Will Coal Power Climate Studies Supercomputer?

NCAR-Wyoming Supercomputing Center

NCAR-Wyoming Supercomputing Center

The National Center for Atmospheric Research (NCAR) will build a new climate studies supercomputer. NCAR is headquartered in Boulder, Colorado but a new $66 million facility that will house the supercomputer will be built in Cheyenne, Wyoming.

The primary reason is cheap electricity. In Wyoming for an industrial user the price is 5.16 cents per kilowatt hour. In Colorado it is 6.89 cents per kilowatt hour. This makes a big difference when you will be running one of the world’s most powerful supercomputers, consisting of more than 100,000 processors. It will be 20 times more powerful than the current NCAR computer.

The overall project is called the NCAR-Wyoming Supercomputing Center (NWSC), encompassing the design and construction of a world class center for high performance scientific computing in the atmospheric and related geosciences. Says NWSC:

Our goal is to build a world class scientific supercomputing facility that does not compromise on energy efficiency or sustainability, and that is adaptable to the ever-changing landscape of high-performance computing.

In 2007, Wyoming’s electricity generation was 45,633,000 megawatt hours. 43,127,000 megawatt hours came from coal and 1,484,000 megawatt hours from renewables. Coal generates 94.5% of Wyoming’s electricity and renewables 3.25%.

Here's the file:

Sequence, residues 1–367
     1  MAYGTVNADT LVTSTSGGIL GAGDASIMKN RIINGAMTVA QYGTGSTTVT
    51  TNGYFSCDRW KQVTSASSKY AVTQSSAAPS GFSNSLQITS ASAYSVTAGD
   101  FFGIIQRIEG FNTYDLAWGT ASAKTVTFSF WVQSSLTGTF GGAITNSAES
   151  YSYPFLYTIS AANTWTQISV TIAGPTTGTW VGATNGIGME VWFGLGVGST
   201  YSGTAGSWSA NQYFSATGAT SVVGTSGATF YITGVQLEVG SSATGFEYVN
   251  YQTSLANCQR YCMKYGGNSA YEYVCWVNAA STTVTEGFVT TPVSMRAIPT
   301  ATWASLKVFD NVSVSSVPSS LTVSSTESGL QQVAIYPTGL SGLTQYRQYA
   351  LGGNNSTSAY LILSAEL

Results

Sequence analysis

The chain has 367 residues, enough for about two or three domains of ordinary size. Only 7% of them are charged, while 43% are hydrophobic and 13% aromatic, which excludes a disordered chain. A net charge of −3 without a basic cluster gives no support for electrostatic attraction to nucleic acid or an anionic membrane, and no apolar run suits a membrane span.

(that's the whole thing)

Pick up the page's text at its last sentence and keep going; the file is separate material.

I wonder how much of Wyoming’s cheap coal will power the new climate studies supercomputer?

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Wyoming gets supercomputer for climate studies
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1.3 Billion Wind Turbines Needed to Replace Coal

McFadden Ridge Wind Project

Tennessee wind turbines similar to McFadden Ridge
Tennessee wind turbines similar to McFadden Ridge

Construction of Rocky Mountain Power’s McFadden Ridge I wind project is underway in Albany County, Wyoming, near the towns of McFadden and Rock River. The project consists of 19 General Electric wind turbines, capable of generating a combined 28.5 megawatts of electricity.

See the Update section at the end of this post for a recalculation of the number of wind turbines needed to replace coal.

1.3 Billion Wind Turbines Needed

Now for a little back-of-the-envelope math. The McFadden Ridge project has 19 wind turbines producing 28.5 megawatts of electricity. Each wind generator therefore produces 1.5 megawatts. In the United States in 2007 coal was responsible for generating 2,016,456 gigawatts of power (see USA Electricity Generation 2007 Chart). As 1 gigawatt equals 1,000 megawatts you would need 1.3 billion (2,016,456,000 megawatts / 1.5) wind turbines to replace coal. And coal only accounts for 48% of electricity production.

651 Million More Wind Turbines

Petroleum liquids (49,505,000 megawatts), petroleum coke (16,234,000 megawatts), natural gas (896,590,000 megawatts), and other gases (13,453,000 megawatts) account for a total of 975,782,000 megawatts. To replace these sources of power you would need an additional 650,521,333 wind turbines. In these calculations we are not replacing the 21% of electricity generated from nuclear power. Even so, removing fossil fuels from the equation mandates the need for 2 billion wind turbines. And remember, wind power costs twice as much as electricity from coal.